I would also like to ask the people saying that cruelty towards humans and cruelty towards non-human animals are exactly equivalent to take that to the logical conclusion. What would this subtract to modern science? Medical testing would be one of the first things on the block. Meaning that humans will continue to die of diseases that could eventually be cured through animal testing. Are you comfortable with that? Are you comfortable with losing your life rather than allowing animal testing? Or, are you comfortable with putting your OWN body up for potentially dangerous/deadly medical testing for the future of humanity? If you aren’t, you’re a hypocrite.

    • Ritch Ludlow

      What do you think about humans with brain damage or mental disabilities who don’t have conventional human intelligence or emotional complexity? Does that revoke their right to happiness?

      • Lissla Lissar

        This is such a strawman. You must know that especially in light of so many people in the comments here asking animal rights activists to stop appropriating the oppression of other marginalized groups.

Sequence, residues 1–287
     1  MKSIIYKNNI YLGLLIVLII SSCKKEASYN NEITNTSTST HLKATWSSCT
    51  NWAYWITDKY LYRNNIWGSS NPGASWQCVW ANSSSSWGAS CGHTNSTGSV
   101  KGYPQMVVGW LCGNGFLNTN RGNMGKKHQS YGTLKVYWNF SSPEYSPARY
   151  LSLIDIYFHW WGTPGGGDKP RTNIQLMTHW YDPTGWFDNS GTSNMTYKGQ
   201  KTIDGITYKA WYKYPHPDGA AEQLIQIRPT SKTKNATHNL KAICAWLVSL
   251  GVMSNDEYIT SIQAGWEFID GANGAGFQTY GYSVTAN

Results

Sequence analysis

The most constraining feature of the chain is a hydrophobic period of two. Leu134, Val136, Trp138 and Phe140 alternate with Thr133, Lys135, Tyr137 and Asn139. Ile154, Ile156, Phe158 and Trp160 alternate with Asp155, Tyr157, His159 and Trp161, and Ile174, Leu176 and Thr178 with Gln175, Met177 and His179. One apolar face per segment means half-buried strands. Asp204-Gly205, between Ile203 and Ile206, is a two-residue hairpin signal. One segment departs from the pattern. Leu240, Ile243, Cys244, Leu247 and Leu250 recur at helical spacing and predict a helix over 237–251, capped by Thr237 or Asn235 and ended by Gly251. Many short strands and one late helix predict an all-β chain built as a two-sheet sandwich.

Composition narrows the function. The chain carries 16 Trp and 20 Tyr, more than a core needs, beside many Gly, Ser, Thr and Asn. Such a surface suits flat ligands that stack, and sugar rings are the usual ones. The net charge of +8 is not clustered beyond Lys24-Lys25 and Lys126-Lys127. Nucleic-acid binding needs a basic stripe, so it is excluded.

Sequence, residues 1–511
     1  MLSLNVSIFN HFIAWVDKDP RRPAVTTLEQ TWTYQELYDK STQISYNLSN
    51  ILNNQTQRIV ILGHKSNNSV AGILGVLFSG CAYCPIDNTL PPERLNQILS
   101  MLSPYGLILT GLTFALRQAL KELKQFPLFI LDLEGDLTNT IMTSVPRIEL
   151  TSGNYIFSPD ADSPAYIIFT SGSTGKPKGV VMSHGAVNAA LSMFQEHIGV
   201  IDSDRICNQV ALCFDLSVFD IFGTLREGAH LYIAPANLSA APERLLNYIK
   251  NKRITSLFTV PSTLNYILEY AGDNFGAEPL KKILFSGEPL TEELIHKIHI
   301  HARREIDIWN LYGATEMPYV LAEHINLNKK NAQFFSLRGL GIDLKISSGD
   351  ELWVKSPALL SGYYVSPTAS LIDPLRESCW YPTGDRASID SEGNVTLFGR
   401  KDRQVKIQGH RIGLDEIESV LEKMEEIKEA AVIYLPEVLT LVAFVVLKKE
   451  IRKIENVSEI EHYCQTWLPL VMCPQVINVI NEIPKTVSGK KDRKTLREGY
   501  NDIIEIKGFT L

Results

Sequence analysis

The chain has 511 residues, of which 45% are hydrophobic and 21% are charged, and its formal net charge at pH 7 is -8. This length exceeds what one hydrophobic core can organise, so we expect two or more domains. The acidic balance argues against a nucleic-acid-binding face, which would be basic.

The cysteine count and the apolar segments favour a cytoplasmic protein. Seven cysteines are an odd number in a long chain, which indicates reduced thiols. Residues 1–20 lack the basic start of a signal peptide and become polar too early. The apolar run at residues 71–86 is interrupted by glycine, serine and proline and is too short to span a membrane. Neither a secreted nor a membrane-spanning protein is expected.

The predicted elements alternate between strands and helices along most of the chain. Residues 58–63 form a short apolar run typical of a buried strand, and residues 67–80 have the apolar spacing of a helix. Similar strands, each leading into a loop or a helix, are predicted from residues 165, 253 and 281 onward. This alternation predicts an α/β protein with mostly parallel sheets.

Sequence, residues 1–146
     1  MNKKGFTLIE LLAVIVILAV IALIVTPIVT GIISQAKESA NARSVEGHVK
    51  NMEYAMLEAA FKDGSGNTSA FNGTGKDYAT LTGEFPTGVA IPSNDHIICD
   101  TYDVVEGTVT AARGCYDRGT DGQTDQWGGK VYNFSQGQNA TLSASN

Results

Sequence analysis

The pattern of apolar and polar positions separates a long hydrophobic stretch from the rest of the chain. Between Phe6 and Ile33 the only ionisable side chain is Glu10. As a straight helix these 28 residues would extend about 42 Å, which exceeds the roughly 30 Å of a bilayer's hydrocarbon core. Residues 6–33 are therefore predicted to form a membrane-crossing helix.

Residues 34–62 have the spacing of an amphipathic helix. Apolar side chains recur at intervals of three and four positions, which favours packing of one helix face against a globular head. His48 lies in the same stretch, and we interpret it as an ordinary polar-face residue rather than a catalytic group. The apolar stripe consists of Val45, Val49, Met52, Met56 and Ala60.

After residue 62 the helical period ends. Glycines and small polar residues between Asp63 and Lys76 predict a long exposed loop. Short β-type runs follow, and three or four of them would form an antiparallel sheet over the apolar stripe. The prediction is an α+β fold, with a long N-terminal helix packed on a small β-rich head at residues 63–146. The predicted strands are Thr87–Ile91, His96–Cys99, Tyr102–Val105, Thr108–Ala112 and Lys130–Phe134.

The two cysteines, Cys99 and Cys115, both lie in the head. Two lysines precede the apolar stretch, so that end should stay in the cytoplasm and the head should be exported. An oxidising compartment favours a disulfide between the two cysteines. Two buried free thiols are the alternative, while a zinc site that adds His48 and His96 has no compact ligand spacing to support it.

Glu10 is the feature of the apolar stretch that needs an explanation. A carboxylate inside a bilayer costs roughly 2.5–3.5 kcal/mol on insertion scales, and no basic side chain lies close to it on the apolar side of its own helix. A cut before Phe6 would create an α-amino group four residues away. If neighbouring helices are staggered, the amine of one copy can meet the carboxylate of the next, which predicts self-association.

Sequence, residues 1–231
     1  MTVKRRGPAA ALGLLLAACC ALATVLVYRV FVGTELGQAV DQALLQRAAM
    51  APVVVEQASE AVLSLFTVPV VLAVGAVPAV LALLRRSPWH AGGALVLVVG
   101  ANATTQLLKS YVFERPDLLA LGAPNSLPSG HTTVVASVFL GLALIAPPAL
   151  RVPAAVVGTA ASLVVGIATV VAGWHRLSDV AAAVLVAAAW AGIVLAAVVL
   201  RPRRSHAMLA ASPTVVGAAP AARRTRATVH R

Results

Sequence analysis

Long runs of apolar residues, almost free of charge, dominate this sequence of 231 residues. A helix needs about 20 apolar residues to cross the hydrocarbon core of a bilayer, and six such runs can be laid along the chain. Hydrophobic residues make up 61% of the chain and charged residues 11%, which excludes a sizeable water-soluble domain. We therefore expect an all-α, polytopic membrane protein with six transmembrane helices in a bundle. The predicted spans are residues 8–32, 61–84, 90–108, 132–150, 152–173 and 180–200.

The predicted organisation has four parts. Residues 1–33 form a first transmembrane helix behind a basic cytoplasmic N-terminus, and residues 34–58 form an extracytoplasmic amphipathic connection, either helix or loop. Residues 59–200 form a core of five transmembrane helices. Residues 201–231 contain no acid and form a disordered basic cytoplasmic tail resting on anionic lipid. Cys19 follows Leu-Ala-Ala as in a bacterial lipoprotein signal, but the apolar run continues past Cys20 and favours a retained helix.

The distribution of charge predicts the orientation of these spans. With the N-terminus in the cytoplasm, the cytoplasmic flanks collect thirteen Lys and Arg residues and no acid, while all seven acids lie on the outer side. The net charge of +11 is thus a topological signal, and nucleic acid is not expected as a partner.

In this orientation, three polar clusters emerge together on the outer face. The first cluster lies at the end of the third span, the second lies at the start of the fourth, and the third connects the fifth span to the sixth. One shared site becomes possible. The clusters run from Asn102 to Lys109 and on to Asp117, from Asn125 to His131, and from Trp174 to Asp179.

• unequivocal

        I think this is a really trenchant point and deserves a response.

    • Gabe

      I’d watch out appealing to “science.” Science has said a lot of things over the years that we now recognize as biased/culturally constructed/totally absurd.

      I also think it is problematic to set up a hierarchy of who and what it is okay to exploit based on “complexity in thoughts and emotions.” One, we have no way to judge the “complexity” of the thoughts and feelings of any other being (human or non-). Two, I think it can very quickly get you into some ableist territory, and I doubt that’s where you want to go with this.

    • Gem

      “Are you comfortable with losing your life rather than allowing animal testing?”


    • honeybee